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Halmstad University's first MOOC (Massive Open Online Course) has recently taken off. Providing free and open internet-based courses is a way to provide education irrespective of where you are, and at the same time promoting Halmstad University all over the world.
The so-called MOOC that Halmstad University provides is called System Validation and started on September 12th with more than 150 registered students. Even now it is still not too late to sign up. The course involves theory, techniques, and tools for the development of reliable computer systems. The aim is to know how to specify the behaviour of embedded systems as well as gaining experience in analysing them.
But why offer a MOOC? Professor Mohammad Mousavi, who initiated and is co-responsible for the course, says that it is about contributing to society in general as well as broadening their scope in the field and to groups of people who are otherwise difficult to reach.
– Examples include people living in remote or developing regions of the world with limited access to higher education and research facilities; as well as people with severe disabilities, says Mohammad Mousavi.
Prerequisites required for the course are basic mathematical logic and the so-called discrete mathematics; apart from this, anyone can register for the course.
– Halmstad University benefits greatly from the course, as its reputation extends across borders. We can only educate a certain number of students each year in Halmstad, but already in this first course of MOOC, I have more students than what I normally have for a whole year - and they come from all over the world, says Mohammad Mousavi.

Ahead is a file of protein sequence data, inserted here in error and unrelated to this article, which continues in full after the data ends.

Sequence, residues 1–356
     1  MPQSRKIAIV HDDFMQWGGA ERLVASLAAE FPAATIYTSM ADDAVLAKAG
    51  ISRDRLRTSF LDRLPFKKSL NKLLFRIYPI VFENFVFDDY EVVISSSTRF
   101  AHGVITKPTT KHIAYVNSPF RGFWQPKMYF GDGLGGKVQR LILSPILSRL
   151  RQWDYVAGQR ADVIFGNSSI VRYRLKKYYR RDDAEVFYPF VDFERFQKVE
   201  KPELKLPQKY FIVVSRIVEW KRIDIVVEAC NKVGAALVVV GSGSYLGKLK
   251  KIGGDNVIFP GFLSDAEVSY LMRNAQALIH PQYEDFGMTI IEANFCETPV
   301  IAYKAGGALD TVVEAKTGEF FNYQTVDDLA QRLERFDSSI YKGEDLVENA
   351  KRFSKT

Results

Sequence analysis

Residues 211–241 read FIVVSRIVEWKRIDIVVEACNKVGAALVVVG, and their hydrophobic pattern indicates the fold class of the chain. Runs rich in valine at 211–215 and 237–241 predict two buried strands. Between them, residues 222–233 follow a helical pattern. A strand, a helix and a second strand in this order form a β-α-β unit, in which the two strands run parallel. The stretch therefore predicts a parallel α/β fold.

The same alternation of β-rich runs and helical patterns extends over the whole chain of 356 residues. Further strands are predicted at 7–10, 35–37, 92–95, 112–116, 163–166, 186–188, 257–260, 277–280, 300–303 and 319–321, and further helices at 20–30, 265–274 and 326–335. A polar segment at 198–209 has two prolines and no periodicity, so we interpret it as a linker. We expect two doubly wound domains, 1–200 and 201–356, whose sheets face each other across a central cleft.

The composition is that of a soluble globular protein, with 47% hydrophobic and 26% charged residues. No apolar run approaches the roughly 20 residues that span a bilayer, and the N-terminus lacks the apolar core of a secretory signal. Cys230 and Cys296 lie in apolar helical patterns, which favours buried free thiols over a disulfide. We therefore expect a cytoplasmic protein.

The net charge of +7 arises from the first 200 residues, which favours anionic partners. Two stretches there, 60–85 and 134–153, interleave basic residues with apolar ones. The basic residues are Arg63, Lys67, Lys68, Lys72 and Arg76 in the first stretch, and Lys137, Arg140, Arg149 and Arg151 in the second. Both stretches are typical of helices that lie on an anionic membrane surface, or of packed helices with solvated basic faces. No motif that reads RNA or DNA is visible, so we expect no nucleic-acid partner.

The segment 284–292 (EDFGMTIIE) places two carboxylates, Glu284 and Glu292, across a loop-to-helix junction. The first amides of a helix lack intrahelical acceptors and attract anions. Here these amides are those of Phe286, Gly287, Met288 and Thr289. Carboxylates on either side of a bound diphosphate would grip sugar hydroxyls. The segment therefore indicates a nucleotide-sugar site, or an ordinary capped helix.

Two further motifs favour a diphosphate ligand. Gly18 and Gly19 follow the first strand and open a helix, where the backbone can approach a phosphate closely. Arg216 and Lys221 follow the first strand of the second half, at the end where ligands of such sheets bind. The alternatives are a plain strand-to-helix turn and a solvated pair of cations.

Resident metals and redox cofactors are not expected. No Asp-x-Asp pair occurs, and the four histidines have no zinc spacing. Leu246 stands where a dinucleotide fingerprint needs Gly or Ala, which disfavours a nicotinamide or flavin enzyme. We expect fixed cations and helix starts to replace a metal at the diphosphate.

A MOOC can contribute with expertise in areas that you would otherwise miss or need to update, regardless of whether you are a student or an employee. However, the main target group for System Validation is students at undergraduate level, mater´s level, as well as researchers in academia and industry.
– For existing students, the course is useful if you want to build upon your knowledge in a particular area, e.g. someone who wants to design an embedded system and who does not otherwise have access to such a course in design and verification methods. Furthermore, you can also imagine a student writing a thesis related to a particular theme, but lacking knowledge in certain areas.
Teaching is conducted through video-recorded lessons and interactive exercises that participants can solve together or in a group, and then give each other feedback. A text book is recommended for the course although it is not a requirement to pass the course. However, to be able to follow the course, it is expected that participants must be expected to put aside two to four hours a week for study, as well as regularly answering a set of questions.
Text: KRISTINA RÖRSTRÖM
Photos:: BAS VAN VLIJMEN, LOUISE WANDEL
MOOC stands for Massive Open Online Course and are free online university courses – although payment for diplomas or a complete programme based on MOOC might be required. The concept gained attention in 2011 when 160,000 students from 190 countries registered for an MOOC on artificial intelligence at Stanford University. MOOC courses have since been started by a number of reputable universities around the world, and hundreds of thousands of people worldwide are studying today thanks to an MOOC.
Halmstad University´s MOOC
System Validation is taught via the learning platform Canvas Network, canvas.net, and the course is approximately six weeks long. Registration is still open. The course, which is offered in collaboration with the Open University of the Netherlands (OUNL), has no formal exam and participants will not be awarded any higher education credits.